Sept 19 (The following statement was released by the rating agency)
Fitch Ratings says in its newly published Global Economic Outlook (GEO) that world economic
growth will strengthen in H213 and 2014, driven by a cyclical pick up in major advanced
economies (MAE), while growth stutters in emerging markets (EM). Its latest forecasts for world
GDP growth are revised down to 2.3% in 2013 (from 2.4% in the June GEO), 2.9% in
2014% (from 3.1%) and 3.2% in 2015 (unchanged), weighted at market exchange
"Forward guidance of major central banks reinforces Fitch's view that the
short-term policy rates of the US Fed, ECB, Bank of England and BoJ will
remain low into 2015," says Gergely Kiss, Director in Fitch's Sovereign team. "However,
the marked rise in long-term yields and risk premiums on some asset classes
since May 2013 indicates that the exit from exceptionally loose monetary
conditions is likely to generate bouts of volatility, despite enhanced central
bank communication and an improving economic outlook. In particular, tighter
global funding conditions will add to headwinds facing EMs, particularly those
dependent on capital inflows," he adds.
The end of the 18-month eurozone recession in Q213 supports Fitch's longstanding
view that growth will recover gradually in the second half of this year. Fitch
forecasts MAE GDP growth to increase to 1.8% in 2014 and 2.0% in 2015 from 0.9%
in 2013 (practically unchanged from the June GEO).
Although growth in EM will continue to comfortably outstrip that in MAEs, we
expect the growth differential to narrow between the two over the forecast
horizon. Fitch has again cut its growth forecasts for all four of the BRICs. It
expects growth in China to slow to 7.0% in 2014 (7.5% previously), from 7.5% in
2013; while growth in India is forecast at just 4.8% this year and 5.8% in 2014.
Higher interest rates and less buoyant capital inflows will complicate policy
trade-offs in many EMs, adding to growth strains from domestic structural
bottlenecks, declining returns on investment and China's rebalancing.
The US economy is expanding at a moderate pace. We forecast real GDP growth of
1.6% in 2013 (down from 1.9% in June), due to data revisions and mixed Q313
indicators. We expect growth to strengthen to 2.6% in 2014 and 3.0% in 2015,
underpinned by the housing market recovery, improved household balance sheets,
rising employment and strong corporate profitability. However, a renewed fiscal
squeeze or political stand-off over the debt ceiling and rising interest rates
represent downside risks.
The eurozone delivered a positive surprise with GDP growth of 0.3% qoq in Q213,
with the improvement broadly based across member states. A subdued recovery will
follow as gains in competitiveness and rebalancing bear fruit, fiscal
consolidation eases and financing conditions normalise. Fitch forecasts GDP
growth of negative 0.4% in 2013 (negative 0.6% in June), positive 0.9% in 2014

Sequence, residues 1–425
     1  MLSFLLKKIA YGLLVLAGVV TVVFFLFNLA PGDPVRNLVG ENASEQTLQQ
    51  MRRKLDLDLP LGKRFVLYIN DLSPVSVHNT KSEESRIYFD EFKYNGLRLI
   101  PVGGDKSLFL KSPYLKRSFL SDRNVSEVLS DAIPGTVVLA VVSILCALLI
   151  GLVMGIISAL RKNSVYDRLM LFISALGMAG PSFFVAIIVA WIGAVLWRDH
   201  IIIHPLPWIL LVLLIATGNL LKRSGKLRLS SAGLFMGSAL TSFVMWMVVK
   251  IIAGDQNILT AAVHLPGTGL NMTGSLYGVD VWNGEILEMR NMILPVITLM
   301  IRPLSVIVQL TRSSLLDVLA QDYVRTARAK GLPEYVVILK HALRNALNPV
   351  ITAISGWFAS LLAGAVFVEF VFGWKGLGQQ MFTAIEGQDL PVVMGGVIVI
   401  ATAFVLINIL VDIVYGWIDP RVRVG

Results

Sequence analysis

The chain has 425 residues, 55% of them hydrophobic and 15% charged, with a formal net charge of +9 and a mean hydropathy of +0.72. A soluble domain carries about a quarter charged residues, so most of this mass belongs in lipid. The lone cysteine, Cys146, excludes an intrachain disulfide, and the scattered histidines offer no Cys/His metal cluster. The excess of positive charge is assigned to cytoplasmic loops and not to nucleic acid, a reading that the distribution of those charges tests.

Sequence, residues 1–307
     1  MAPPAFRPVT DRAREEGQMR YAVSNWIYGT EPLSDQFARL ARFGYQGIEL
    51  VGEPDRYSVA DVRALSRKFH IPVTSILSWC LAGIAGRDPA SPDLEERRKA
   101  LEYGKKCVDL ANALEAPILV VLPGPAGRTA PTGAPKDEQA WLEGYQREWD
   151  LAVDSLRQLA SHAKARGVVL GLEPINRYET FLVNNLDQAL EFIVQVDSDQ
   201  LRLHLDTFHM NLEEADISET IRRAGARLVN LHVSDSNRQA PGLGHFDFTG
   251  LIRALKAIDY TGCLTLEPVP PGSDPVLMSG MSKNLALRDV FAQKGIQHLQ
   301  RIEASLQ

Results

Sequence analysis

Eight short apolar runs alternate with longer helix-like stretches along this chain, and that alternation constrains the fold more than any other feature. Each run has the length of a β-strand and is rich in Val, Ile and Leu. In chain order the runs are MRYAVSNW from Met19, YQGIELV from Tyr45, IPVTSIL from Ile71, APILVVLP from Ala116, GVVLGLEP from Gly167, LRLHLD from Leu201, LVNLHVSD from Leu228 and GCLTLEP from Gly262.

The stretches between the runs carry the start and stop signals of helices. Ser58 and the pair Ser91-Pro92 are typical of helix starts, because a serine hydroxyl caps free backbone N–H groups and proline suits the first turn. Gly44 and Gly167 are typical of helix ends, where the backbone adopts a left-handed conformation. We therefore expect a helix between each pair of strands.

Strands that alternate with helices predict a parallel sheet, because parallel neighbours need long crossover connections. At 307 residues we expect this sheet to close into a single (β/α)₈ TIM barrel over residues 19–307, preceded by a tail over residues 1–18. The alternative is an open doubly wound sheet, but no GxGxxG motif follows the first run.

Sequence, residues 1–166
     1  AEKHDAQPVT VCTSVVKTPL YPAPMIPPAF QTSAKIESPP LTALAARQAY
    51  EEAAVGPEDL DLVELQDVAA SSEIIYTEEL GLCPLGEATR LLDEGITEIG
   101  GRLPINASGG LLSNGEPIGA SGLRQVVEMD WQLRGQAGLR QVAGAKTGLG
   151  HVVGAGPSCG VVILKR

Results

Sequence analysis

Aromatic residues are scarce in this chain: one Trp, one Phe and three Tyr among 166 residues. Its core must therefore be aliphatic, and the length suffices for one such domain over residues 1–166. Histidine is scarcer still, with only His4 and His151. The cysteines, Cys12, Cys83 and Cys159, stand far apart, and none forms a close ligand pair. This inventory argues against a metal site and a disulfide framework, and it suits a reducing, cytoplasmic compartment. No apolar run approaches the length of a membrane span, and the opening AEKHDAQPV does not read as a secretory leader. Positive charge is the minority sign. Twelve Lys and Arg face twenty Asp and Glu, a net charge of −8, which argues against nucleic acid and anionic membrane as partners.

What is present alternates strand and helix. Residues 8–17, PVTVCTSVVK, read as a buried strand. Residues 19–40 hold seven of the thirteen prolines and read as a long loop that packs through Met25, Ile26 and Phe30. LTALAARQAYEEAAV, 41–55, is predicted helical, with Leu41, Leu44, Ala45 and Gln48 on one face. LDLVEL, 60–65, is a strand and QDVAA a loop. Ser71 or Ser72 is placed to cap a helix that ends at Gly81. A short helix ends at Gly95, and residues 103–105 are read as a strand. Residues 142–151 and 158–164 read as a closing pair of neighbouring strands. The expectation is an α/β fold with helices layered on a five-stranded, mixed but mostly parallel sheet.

and positive 1.3% in 2015 (both unchanged). Unemployment will remain above 12%
In the UK, Fitch has revised up GDP growth to 1.4% in 2013 (from 0.8% in June)
and 2.2% in 2014 and 2015 (1.8% and 2% in June, respectively), to reflect
stronger-than-expected H113 data and vibrant recent surveys, which indicate
broadly based acceleration of growth. Nevertheless, growth is likely to remain
modest by historical standards over the medium term due to fiscal consolidation,
stretched private sector balance sheets and the still fragile outlook in the
eurozone, the UK's main trading partner.
Fitch maintains its expectations that 'Abenomics', the reflationary economic
policy strategy in Japan, will buoy growth in the short term, though its
medium-term success is less certain. Growth could reach 1.8% in 2013 as fiscal
and monetary stimulus provides an initial boost to confidence, before moderating
to 1.5% in 2014 and 1.2% in 2015 as the impetus fades.
In this GEO's alternative scenario, we explore the global growth impact of an
additional 100bps rise (relative to mid-September level) in long-term interest
rates in MAEs, excluding Japan, and 200bp in most EMs reflecting a jump in the
risk premium. The simulation results indicate world GDP growth could be 0.3pp
weaker in 2014 and 2015, a cumulated impact of 60 bps. The US and UK are the
most exposed among MAE due to the large role played by capital markets, with a
cumulated impact of 140 and 80 bps, respectively. In EMs, the risk premium
component would be the most relevant, presenting a monetary policy dilemma for
those with liberalised capital markets including Brazil and Russia, while the
impact would be more subdued in China and India.
The full report, entitled "Global Economic Outlook", is available at
www.fitchratings.com. To complement the release of the GEO, Fitch has also
published a datasheet containing the agency's latest macroeconomic forecasts by
country and region.
Link to Fitch Ratings' Report: Global Economic Outlook